Paillisson A, et al reported the identification, characterization and metagenome analysis of oocyte-specific genes organized in clusters in the mouse genome.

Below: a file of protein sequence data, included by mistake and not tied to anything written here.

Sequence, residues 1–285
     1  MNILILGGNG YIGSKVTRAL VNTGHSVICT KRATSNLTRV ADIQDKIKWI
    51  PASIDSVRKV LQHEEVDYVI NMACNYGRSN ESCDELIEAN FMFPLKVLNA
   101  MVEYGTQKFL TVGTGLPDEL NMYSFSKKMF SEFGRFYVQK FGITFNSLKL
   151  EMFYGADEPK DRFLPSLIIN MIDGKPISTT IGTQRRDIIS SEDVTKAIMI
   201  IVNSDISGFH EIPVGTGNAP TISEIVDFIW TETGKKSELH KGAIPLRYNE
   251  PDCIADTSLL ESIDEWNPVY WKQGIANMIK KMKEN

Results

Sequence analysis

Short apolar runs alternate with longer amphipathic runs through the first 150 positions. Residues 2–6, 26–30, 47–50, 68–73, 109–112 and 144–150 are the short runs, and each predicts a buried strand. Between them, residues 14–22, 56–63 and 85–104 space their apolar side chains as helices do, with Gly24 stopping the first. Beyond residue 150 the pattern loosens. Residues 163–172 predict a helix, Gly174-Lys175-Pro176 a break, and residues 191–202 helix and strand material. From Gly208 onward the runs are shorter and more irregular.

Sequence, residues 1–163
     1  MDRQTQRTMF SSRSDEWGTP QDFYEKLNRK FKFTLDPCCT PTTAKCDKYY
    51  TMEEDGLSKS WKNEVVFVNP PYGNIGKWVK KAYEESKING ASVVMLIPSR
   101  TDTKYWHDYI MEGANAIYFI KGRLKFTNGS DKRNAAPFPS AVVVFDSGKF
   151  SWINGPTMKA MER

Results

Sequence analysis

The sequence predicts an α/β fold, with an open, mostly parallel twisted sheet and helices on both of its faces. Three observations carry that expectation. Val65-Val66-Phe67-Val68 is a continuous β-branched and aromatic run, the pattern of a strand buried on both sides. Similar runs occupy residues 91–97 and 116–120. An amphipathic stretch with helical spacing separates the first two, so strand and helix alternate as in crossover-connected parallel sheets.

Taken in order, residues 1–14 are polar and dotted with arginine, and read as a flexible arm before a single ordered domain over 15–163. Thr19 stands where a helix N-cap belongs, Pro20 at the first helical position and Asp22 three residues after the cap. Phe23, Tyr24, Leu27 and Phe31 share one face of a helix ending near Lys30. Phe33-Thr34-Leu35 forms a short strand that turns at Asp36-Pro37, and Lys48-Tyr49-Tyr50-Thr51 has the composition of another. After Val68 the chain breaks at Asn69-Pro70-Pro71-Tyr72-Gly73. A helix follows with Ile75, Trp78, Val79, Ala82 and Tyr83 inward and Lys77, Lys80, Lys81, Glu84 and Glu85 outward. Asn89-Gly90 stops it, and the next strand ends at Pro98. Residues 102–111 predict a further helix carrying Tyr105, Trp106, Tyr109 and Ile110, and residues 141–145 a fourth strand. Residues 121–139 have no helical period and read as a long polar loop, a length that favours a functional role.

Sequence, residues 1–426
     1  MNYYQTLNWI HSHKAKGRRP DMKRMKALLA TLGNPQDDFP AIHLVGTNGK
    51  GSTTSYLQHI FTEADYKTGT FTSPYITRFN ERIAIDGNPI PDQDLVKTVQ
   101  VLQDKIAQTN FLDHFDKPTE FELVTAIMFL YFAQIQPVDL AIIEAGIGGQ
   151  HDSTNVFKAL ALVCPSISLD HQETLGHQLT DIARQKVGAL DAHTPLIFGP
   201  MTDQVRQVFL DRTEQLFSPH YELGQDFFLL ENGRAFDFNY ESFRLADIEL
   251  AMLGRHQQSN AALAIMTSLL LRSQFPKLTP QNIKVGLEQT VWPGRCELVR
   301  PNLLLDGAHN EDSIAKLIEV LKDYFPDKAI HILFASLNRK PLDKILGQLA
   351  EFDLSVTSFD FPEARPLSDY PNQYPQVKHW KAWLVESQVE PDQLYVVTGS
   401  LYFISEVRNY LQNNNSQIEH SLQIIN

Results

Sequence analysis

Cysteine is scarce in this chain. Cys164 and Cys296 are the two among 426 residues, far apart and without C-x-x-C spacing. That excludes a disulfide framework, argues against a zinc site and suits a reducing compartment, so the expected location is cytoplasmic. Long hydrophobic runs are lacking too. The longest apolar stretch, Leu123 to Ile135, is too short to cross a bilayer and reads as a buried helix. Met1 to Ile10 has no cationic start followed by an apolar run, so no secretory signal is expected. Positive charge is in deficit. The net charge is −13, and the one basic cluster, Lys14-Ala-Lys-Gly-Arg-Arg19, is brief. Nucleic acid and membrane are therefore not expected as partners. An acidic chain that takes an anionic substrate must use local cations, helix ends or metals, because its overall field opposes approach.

BACKGROUND: Genes specifically expressed in the oocyte play key roles in oogenesis, ovarian folliculogenesis, fertilization and/or early embryonic development. In an attempt to identify novel oocyte-specific genes in the mouse, we have used an in silico subtraction methodology, and we have focused our attention on genes that are organized in genomic clusters. RESULTS: In the present work, five clusters have been identified: a cluster of thirteen genes characterized by an F-box domain localized on chromosome 9, a cluster of six genes related to T-cell leukaemia/lymphoma protein 1 (Tcl1) on chromosome 12, a cluster composed of a SPErm-associated glutamate (E)-Rich (Speer) protein expressed in the oocyte in the vicinity of four unknown genes specifically expressed in the testis on chromosome 14, a cluster composed of the oocyte secreted protein-1 (Oosp-1) gene and two Oosp-related genes on chromosome 19, all three being characterized by a partial N-terminal zona pellucida-like domain, and another small cluster of two genes on chromosome 19 as well, composed of a TWIK-Related spinal cord K+ channel encoding-gene, and an unknown gene predicted in silico to be testis-specific. The specificity of expression was confirmed by RT-PCR and in situ hybridization for eight and five of them, respectively. Finally, we showed by comparing all of the isolated and clustered oocyte-specific genes identified so far in the mouse genome, that the oocyte-specific clusters are significantly closer to telomeres than isolated oocyte-specific genes are. CONCLUSION: We have identified five clusters of genes specifically expressed in female, some of them being also expressed in male germ-cells. Moreover, contrarily to non-clustered oocyte-specific genes, those that are organized in clusters tend to map near chromosome ends, suggesting that this specific near-telomere position of oocyte-clusters could constitute an evolutionary advantage. Understanding the biological benefits of such an organization as well as the mechanisms leading to a specific oocyte expression in these clusters now requires further investigation.